I blogged last week about Brewington v. State (Ind. Ct. App. Jan. 17, 2013), a decision that strikes me as unconstitutional, and as quite perilous for Indiana speakers: It basically concludes that harshly and repeatedly criticizing someone — in that case, a judge, but the law applies equally to legislators, other government officials, business leaders, and others — for that person’s past conduct can be criminally prosecuted. To oversimplify slightly,
1. Dan Brewington, a disgruntled child custody litigant in Indiana, posted various harsh criticisms of the judge who awarded custody to Brewington’s wife. (Brewington also did some other things, quite possibly criminal things, which the opinion discusses, but I will set them aside for now; the brief will not focus on them.)
2. He was then prosecuted for the crime of “intimidation,” which consists (in relevant part) of “communicat[ing] a threat to another person” — including a threat to expose the person “to hatred, contempt, disgrace, or ridicule” — “with the intent ... that the other person be placed in fear of retaliation for a prior lawful act.”
3. The Indiana Court of Appeals affirmed the conviction, apparently viewing the sequence of harsh criticisms as a continuing threat of further such criticisms, and thus a threat to expose the judge “to hatred, contempt, disgrace, or ridicule” in retaliation for the judge’s past decisions.
4. In the process, the court stressed that the law covers expressions of opinion and even communication of true statements about what someone did. And since the statute isn’t limited to speech about judges (there’s a heightened punishment for such speech, but the law itself covers speech about any person), it would apply to similar harsh criticisms of legislators, business figures, university officials, and so on.
This, I think, clearly violates the First Amendment, and has a potentially very broad sweep. The law doesn’t just apply to disgruntled litigants, but also to newspaper columnists, advocacy groups, politicians, and so on. Under the court’s view, someone who goes to a legislator and says, “If you vote for this law [or because you voted for this law], we’re going to condemn you so much that your constituents will have contempt for you and vote you out of office,” would be guilty of a crime. Indeed, someone who simply keeps writing harshly critical columns about a legislator’s actions, without an overt threat of future such columns, would be guilty of a crime, too.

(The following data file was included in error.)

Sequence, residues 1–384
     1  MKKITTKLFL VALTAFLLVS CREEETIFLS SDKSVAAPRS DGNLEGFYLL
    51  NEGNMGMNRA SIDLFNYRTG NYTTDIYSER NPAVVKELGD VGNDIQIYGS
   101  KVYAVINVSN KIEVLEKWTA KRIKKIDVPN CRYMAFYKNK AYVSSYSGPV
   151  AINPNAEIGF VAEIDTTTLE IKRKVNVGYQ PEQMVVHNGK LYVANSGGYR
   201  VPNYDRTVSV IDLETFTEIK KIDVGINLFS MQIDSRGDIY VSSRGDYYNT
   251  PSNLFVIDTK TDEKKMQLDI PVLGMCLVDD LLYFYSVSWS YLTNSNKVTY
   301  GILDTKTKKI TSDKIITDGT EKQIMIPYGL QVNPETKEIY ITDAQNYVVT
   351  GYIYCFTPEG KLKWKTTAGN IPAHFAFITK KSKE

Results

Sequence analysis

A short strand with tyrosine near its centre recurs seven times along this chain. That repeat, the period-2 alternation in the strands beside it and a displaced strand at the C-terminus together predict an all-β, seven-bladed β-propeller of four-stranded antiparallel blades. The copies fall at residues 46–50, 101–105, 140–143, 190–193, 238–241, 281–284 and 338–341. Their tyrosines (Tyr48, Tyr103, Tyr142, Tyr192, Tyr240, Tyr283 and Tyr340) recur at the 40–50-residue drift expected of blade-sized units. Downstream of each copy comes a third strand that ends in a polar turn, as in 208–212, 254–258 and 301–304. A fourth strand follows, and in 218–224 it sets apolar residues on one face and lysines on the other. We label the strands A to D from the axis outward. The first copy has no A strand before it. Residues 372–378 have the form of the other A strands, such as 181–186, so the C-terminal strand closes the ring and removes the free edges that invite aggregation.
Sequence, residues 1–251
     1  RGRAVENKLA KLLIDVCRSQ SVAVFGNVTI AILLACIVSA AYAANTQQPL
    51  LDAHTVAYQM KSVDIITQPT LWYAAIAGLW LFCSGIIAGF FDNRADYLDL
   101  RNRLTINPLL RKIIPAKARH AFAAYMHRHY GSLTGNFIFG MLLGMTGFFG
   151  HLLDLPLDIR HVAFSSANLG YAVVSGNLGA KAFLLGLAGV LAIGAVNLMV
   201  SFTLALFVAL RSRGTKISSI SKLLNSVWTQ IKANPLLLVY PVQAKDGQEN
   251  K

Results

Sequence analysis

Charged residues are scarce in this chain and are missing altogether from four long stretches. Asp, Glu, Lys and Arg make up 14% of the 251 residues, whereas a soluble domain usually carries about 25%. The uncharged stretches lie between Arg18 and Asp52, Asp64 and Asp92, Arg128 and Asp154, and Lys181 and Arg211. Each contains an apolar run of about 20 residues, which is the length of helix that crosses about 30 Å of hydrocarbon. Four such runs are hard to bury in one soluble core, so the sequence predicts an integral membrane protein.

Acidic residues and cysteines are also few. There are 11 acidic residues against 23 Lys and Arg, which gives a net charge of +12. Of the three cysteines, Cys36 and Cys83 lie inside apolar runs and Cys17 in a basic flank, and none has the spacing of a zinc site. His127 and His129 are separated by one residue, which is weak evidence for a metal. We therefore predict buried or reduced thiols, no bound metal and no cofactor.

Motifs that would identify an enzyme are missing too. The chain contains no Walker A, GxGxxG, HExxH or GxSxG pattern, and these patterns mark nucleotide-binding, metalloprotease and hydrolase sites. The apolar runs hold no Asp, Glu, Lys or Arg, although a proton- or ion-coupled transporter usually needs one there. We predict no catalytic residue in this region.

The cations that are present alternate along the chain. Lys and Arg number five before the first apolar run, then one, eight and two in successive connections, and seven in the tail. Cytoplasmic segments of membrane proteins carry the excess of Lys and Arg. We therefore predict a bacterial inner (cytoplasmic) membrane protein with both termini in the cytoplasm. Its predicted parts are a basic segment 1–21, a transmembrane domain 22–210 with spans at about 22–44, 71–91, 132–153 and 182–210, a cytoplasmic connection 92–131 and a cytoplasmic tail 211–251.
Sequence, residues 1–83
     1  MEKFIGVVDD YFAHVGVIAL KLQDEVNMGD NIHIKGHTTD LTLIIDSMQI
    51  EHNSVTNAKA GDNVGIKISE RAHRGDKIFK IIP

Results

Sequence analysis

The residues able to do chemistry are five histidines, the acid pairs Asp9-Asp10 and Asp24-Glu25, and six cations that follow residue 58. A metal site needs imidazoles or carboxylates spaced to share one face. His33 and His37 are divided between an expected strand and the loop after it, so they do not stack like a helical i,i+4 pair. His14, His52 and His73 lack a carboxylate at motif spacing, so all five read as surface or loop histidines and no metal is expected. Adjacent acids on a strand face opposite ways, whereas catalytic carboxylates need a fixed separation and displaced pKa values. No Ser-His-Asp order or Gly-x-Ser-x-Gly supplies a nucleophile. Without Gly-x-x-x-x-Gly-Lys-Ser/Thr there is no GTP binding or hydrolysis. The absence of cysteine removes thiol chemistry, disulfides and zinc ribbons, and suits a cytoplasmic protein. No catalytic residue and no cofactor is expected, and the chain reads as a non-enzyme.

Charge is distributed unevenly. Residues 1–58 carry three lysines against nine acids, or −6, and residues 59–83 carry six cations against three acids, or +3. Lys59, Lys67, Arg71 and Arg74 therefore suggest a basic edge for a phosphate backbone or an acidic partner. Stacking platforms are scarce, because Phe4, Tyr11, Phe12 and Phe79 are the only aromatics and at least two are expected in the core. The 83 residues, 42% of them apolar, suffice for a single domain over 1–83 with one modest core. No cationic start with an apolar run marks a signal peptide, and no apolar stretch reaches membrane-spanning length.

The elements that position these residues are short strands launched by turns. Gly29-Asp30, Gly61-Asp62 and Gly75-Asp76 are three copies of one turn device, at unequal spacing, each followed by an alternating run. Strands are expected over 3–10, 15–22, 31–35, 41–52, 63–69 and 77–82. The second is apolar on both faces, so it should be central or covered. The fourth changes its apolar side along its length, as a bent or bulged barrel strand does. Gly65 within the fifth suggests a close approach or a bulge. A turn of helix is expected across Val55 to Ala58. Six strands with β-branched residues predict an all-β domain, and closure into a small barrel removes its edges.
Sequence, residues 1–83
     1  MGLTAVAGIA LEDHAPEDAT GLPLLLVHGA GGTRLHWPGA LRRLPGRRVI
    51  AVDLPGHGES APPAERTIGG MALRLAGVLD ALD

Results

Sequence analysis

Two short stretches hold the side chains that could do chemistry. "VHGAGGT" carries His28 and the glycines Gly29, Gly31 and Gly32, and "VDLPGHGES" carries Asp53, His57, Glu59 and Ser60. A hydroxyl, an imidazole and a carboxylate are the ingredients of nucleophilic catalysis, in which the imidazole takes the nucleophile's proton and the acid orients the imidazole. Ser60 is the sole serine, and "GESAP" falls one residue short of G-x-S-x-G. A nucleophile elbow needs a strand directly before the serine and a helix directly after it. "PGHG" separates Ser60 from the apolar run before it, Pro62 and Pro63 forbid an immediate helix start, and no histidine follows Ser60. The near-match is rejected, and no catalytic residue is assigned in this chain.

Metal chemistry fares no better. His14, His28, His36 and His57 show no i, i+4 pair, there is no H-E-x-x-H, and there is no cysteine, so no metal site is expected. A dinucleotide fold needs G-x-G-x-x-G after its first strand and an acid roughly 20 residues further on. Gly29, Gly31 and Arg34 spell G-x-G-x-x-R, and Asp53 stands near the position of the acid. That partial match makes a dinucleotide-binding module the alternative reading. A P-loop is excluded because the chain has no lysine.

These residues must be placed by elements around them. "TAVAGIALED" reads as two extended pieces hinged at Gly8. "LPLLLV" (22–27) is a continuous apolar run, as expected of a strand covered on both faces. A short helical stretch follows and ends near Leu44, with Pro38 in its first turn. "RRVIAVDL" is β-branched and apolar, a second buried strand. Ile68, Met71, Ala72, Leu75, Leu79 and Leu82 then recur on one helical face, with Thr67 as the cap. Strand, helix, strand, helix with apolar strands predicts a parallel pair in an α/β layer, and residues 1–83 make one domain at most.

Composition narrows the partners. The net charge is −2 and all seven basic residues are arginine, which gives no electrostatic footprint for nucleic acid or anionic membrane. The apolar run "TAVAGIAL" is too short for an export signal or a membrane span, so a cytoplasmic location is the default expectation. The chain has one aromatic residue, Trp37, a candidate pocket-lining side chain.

Brewington is asking the Indiana Supreme Court to review the case, and I think it would be helpful to have a friend-of-the-court brief supporting that request, and alerting the Indiana Supreme Court to the broader danger posed by the Indiana Court of Appeals opinion. (The Indiana Supreme Court is entitled to pick and choose which Court of Appeals cases it reviews, so the brief needs to persuade the Indiana Supreme Court to focus its time on attention on this case.) I plan to write that brief, pro bono.
I already have local counsel lined up, and a likely amicus organization, but I’d like to have more, including those generally seen as on the left, those generally seen as on the right, and those generally seen as elsewhere. If you’re involved with an Indiana advocacy, political, or journalist group — or for that matter an Indiana newspaper, whether professional or student-run — and you think the organization might be interested in joining, please let me know.